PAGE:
I also reflect with high satisfaction on some of my scientific work, such as solving the problem of coral islands, and making out the geological structure of certain islands, for instance, St. Helena. Nor must I pass over the discovery of the singular relations of the animals and plants inhabiting the several islands of the Galapagos archipelago, and of all of them to the inhabitants of South America.
As far as I can judge of myself, I worked to the utmost during the voyage from the mere pleasure of investigation, and from my strong desire to add a few facts to the great mass of facts in Natural Science. But I was also ambitious to take a fair place among scientific men,--whether more ambitious or less so than most of my fellow-workers, I can form no opinion.
The geology of St. Jago is very striking, yet simple: a stream of lava formerly flowed over the bed of the sea, formed of triturated recent shells and corals, which it has baked into a hard white rock. Since then the whole island has been upheaved. But the line of white rock revealed to me a new and important fact, namely, that there had been afterwards subsidence round the craters, which had since been in action, and had poured forth lava. It then first dawned on me that I might perhaps write a book on the geology of the various countries visited, and this made me thrill with delight. That was a memorable hour to me, and how distinctly I can call to mind the low cliff of lava beneath which I rested, with the sun glaring hot, a few strange desert plants growing near, and with living corals in the tidal pools at my feet. Later in the voyage, Fitz-Roy asked me to read some of my Journal, and declared it would be worth publishing; so here was a second book in prospect!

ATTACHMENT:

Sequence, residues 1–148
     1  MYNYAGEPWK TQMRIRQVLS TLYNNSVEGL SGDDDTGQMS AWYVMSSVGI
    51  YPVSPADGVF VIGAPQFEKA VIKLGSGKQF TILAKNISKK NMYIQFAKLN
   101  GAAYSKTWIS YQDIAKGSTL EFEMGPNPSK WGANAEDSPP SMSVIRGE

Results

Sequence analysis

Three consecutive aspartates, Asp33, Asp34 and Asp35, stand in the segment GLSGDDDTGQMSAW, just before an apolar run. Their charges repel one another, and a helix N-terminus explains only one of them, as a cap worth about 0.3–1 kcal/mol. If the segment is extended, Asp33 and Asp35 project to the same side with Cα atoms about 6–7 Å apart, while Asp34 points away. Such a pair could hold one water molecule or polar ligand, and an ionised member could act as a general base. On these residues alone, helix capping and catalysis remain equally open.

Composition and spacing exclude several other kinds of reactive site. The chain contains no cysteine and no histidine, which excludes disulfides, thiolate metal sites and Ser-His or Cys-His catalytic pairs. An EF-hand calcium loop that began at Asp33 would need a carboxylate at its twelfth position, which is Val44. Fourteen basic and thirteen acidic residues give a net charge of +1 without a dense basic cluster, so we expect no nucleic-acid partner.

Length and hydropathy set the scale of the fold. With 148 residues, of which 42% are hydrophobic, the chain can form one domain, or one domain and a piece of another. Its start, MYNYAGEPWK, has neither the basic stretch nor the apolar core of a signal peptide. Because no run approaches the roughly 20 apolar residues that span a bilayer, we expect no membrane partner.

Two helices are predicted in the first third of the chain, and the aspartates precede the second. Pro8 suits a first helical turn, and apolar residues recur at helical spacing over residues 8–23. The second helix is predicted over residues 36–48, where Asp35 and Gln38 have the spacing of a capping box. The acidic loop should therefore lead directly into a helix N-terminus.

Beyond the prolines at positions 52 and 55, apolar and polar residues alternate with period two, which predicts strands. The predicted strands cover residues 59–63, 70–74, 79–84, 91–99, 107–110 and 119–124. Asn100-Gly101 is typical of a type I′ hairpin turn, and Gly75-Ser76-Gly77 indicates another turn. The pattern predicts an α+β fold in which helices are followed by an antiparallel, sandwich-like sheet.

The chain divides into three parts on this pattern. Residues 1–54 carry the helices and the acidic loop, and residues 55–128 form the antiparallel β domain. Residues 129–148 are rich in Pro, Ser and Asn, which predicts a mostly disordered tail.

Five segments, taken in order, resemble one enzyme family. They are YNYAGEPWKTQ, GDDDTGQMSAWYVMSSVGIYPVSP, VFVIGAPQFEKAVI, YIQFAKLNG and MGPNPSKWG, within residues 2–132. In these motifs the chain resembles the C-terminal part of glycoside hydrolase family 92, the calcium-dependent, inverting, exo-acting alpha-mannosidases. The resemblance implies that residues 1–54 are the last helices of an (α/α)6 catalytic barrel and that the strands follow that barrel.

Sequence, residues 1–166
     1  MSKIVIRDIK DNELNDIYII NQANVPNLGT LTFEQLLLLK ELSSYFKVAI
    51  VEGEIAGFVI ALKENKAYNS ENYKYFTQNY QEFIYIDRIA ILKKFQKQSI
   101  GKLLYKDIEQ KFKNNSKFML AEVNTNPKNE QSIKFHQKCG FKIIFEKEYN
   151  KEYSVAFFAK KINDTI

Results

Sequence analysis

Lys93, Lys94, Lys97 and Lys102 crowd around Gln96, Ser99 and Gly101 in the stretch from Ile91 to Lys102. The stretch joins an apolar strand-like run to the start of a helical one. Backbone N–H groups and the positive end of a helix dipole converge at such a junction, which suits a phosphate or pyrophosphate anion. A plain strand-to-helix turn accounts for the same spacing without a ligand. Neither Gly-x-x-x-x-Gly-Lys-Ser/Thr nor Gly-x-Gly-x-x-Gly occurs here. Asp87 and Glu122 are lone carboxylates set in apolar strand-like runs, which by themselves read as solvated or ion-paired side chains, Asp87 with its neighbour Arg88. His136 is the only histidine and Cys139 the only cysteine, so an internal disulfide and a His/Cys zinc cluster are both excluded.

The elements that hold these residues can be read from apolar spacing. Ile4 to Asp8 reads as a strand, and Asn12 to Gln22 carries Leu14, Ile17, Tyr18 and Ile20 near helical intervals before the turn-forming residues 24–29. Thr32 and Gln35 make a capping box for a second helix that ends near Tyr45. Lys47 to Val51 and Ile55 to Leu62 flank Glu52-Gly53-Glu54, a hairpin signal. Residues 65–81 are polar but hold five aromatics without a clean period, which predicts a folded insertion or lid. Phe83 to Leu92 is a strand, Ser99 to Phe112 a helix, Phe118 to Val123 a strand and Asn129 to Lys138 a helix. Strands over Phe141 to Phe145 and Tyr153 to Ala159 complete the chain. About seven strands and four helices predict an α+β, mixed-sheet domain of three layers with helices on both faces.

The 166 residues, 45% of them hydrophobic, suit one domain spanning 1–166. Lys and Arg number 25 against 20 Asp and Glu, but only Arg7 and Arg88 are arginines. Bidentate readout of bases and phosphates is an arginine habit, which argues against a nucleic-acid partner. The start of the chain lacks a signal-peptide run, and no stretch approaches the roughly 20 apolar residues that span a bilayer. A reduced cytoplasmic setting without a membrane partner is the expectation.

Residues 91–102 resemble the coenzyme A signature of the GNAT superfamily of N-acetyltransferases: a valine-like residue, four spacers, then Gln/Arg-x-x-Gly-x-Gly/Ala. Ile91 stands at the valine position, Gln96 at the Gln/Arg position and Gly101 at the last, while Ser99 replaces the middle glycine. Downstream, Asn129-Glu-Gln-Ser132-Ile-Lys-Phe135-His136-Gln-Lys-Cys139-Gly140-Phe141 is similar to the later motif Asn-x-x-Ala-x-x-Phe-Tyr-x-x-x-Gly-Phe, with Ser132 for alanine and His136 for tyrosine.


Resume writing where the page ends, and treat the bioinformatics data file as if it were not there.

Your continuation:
Towards the close of our voyage I received a letter whilst at Ascension, in which my sisters told me that Sedgwick had called on my father, and said that I should take a place among the leading scientific men. I could not at the time understand how he could have learnt anything of my proceedings, but I heard (I believe afterwards) that Henslow had read some of the letters which I wrote to him before the Philosophical Society of Cambridge (Read at the meeting held November 16, 1835, and printed in a pamphlet of 31 pages for distribution among the members of the Society.), and had printed them for private distribution. My collection of fossil bones, which had been sent to Henslow, also excited considerable attention amongst palaeontologists. After reading this letter, I clambered over the mountains of Ascension with a bounding step, and made the volcanic rocks resound under my geological hammer. All this shows how ambitious I was; but I think that I can say with truth that in after years, though I cared in the highest degree for the approbation of such men as Lyell and Hooker, who were my friends, I did not care much about the general public. I do not mean to say that a favourable review or a large sale of my books did not please me greatly, but the pleasure was a fleeting one, and I am sure that I have never turned one inch out of my course to gain fame.
FROM MY RETURN TO ENGLAND (OCTOBER 2, 1836) TO MY MARRIAGE (JANUARY 29, 1839.)
These two years and three months were the most active ones which I ever spent, though I was occasionally unwell, and so lost some time. After going backwards and forwards several times between Shrewsbury, Maer, Cambridge, and London, I settled in lodgings at Cambridge (In Fitzwilliam Street.) on December 13th, where all my collections were under the care of Henslow. I stayed here three months, and got my minerals and rocks examined by the aid of Professor Miller.
I began preparing my 'Journal of Travels,' which was not hard work, as my MS. Journal had been written with care, and my chief labour was making an abstract of my more interesting scientific results. I sent also, at the request of Lyell, a short account of my observations on the elevation of the coast of Chile to the Geological Society.